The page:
CHICAGO -- Mired in 2-for-34 hitting woes, Carlos Quentin was dropped from third to sixth in Thursday's order. Quentin didn't seem to mind the switch.

"No. As long as I get a chance to hit," Quentin said. "I would say the same thing hitting in the sixth hole. That decision was made to help the team win. I'll compete with every at-bat I have and like I said, we'll all look for good things to happen."

Manager Ozzie Guillen wants Quentin to return to his more selective ways at the plate, put on display during his 2008 breakout year, when Quentin had a .394 on-base percentage. As of Thursday night, Quentin had 11 strikeouts and nine walks, along with a team-high four double-play grounders.

"One thing about Carlos, he's seen a lot of pitches in the past," Guillen said. "Now, whatever he sees he swings at. Last night, his last at-bat, I don't think he swung at one strike. I don't think it's just Carlos, anybody, use me as an example. When you swing at bad pitches, you're going to make a lot of outs."

"I'm a little aware of how I feel in the box," Quentin said. "Some days I feel good, and some days I haven't. Obviously the results are what they are now. I'll look to get better, and I will."

Don't judge rotation by the numbers just yet

CHICAGO -- Coming out of Spring Training, the White Sox starting rotation was pegged a notch or two above being considered one of the team's strong suits. Some pundits listed this group of arms as the best one through five in Major League Baseball, let alone the American League.

That reputation hasn't exactly played out through the first 16 games, as White Sox starters carry a 5.58 ERA into Friday's series opener against the Mariners. But Don Cooper, as fiercely protective of his charges as any pitching coach in the game, believes early appearances can be a bit deceiving.

"If you look at [Mark] Buehrle's starts, he's had four and been good in three of them. If you look at Gavin [Floyd], he's had one good, and maybe 1 1/2, because he pitched six innings and gave up four runs in Toronto," Cooper explained. "I think [Jake] Peavy has been [good] one out of three.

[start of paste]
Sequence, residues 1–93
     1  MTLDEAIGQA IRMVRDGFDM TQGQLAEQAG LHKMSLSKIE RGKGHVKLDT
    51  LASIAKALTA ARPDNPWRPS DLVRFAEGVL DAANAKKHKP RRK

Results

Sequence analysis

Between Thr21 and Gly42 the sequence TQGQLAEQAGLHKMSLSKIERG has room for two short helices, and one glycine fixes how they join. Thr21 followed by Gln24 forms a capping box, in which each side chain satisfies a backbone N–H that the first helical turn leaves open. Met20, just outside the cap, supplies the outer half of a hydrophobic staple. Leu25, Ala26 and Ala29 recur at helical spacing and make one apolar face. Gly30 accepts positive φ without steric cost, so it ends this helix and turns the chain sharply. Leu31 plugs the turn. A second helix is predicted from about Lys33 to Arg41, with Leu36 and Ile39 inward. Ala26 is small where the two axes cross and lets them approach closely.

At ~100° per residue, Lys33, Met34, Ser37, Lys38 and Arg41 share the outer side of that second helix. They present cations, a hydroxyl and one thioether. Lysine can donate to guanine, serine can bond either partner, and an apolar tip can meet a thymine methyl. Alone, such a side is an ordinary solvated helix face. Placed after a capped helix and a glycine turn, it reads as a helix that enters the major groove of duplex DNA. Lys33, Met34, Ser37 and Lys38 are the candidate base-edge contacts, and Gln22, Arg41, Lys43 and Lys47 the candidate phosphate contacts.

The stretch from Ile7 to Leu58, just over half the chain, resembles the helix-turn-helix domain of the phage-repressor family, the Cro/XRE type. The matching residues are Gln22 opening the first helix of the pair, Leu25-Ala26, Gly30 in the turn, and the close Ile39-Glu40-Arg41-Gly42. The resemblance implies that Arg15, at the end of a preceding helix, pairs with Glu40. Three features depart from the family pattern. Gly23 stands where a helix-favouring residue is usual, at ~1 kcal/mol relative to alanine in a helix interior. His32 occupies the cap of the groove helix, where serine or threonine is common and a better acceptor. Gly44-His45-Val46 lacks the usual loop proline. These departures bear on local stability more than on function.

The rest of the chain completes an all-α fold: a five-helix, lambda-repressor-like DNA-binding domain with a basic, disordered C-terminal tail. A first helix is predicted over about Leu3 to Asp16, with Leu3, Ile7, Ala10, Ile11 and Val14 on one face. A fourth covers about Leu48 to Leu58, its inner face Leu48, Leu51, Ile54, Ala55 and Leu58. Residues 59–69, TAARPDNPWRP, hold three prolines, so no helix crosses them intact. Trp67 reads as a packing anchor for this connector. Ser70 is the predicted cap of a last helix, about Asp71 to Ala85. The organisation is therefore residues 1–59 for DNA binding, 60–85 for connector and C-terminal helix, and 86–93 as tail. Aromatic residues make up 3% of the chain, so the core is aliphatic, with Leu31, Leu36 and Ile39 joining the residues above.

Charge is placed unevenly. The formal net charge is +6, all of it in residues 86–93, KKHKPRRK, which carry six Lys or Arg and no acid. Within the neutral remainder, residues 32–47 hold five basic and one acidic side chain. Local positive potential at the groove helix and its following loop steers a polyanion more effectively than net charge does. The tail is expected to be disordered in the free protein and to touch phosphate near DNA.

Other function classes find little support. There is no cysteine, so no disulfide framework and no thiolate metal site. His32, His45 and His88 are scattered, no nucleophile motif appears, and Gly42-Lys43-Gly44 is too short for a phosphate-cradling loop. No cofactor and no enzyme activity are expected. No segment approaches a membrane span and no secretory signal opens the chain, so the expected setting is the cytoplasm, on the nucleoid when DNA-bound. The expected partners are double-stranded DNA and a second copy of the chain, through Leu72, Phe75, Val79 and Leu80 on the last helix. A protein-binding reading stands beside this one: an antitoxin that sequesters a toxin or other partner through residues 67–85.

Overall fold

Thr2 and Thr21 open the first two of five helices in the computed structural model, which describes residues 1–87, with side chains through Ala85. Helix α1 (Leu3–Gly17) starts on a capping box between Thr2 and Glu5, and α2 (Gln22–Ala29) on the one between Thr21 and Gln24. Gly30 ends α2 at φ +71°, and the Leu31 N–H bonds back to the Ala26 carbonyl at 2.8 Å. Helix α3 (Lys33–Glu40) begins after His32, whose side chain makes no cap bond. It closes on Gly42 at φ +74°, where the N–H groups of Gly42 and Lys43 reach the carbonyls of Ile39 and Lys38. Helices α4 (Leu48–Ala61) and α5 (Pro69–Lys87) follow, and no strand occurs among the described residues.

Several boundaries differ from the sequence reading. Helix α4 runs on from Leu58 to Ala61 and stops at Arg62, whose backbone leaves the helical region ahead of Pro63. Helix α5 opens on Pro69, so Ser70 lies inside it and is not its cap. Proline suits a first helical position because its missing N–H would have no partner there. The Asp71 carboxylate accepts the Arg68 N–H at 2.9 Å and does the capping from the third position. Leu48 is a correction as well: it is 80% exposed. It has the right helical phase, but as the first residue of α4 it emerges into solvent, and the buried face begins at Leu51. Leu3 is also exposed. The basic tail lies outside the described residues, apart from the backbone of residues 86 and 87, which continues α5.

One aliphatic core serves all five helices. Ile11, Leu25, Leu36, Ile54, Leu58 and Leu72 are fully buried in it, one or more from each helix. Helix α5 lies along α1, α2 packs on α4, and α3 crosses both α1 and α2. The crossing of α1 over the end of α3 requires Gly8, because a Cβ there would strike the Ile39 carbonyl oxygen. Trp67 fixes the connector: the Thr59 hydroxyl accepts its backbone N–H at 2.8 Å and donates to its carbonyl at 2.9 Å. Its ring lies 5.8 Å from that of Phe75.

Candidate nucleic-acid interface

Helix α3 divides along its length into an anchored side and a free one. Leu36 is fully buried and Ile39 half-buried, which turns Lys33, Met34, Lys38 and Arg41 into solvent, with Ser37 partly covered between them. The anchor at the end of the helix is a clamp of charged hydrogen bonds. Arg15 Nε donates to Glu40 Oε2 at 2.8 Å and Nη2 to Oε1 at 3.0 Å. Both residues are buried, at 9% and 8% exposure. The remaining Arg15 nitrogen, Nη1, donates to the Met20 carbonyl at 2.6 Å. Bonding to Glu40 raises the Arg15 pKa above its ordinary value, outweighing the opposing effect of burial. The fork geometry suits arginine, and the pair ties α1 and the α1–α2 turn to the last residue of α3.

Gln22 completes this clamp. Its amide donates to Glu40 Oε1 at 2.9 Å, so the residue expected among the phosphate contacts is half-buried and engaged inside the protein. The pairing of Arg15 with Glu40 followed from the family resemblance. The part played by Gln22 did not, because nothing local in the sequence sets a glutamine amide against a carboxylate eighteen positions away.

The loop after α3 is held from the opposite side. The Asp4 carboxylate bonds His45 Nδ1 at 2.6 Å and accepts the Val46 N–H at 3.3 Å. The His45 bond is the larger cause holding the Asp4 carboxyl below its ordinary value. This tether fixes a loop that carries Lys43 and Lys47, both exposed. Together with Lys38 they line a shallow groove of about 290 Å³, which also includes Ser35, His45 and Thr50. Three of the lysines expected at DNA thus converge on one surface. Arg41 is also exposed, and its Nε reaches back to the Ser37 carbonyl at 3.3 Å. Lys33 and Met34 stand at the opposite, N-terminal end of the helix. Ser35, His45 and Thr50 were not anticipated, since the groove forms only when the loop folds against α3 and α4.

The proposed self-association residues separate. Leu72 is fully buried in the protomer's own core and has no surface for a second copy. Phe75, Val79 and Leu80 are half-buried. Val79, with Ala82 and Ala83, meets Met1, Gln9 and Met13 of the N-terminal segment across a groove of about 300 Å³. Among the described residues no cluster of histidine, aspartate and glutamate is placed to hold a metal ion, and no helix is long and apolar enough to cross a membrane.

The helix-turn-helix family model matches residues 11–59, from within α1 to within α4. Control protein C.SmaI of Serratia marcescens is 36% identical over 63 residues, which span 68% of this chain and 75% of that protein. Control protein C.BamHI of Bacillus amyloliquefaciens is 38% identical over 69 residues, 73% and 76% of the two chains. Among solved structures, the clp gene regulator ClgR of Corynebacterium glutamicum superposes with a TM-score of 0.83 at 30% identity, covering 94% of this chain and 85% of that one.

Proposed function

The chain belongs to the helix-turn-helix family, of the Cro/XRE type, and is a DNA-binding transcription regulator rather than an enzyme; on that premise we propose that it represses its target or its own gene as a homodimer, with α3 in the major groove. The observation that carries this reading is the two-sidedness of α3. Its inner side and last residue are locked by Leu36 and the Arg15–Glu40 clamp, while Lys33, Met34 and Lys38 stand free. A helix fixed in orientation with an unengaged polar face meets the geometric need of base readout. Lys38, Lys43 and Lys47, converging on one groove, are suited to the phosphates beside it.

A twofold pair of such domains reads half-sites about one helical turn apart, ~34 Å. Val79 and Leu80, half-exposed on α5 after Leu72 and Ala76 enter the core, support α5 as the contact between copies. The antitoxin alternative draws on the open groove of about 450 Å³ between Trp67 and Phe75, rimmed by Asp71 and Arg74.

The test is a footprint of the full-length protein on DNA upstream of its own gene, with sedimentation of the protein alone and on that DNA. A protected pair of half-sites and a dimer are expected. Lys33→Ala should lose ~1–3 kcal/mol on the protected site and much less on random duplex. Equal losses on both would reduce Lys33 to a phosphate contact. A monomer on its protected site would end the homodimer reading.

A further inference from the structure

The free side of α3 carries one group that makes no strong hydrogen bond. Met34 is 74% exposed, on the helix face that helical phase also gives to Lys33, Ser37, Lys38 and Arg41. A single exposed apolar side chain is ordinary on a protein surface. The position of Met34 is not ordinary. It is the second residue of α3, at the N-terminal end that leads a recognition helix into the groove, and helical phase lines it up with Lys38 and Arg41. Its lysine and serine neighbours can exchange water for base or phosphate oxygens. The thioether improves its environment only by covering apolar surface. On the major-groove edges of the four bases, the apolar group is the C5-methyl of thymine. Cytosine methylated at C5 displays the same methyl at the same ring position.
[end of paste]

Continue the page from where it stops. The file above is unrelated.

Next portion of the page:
"Freddy [Garcia] has been one out of two. One good and one bad. [John] Danks has been good three out of three. The unfortunate thing is when we have been bad in starts, it has been a poor game, a terrible game. That's going to really make the numbers look poor."

Peavy's seven runs allowed and seven walks issued over 4 1/3 innings during Thursday's 10-2 loss to the Rays can be added to the negative side of the starters' ledger. Wednesday's 12-0 loss to Tampa Bay also provided an example. Buehrle gave up six runs on nine hits over 4 2/3 innings, although six of those nine hits weren't exactly stroked solidly, but the game escalated out of control after the left-hander exited.

Buehrle has made enough starts over the past decade to find his share of great success and some amount of mound failure. So, the veteran southpaw understands not close to every start out of 33 or 34 will be perfect.

For Cooper, it's about how the team finishes as opposed to the individual hurler. And the team has not been finishing well in 2010.

"My main thing or my best thing to say about a starter is how many times does he give our team a chance to win the game?" Cooper said. "Give the team a chance a chance to win. Confidence is a huge thing in professional athletics, but I don't think any of the pitchers on this staff have lost confidence."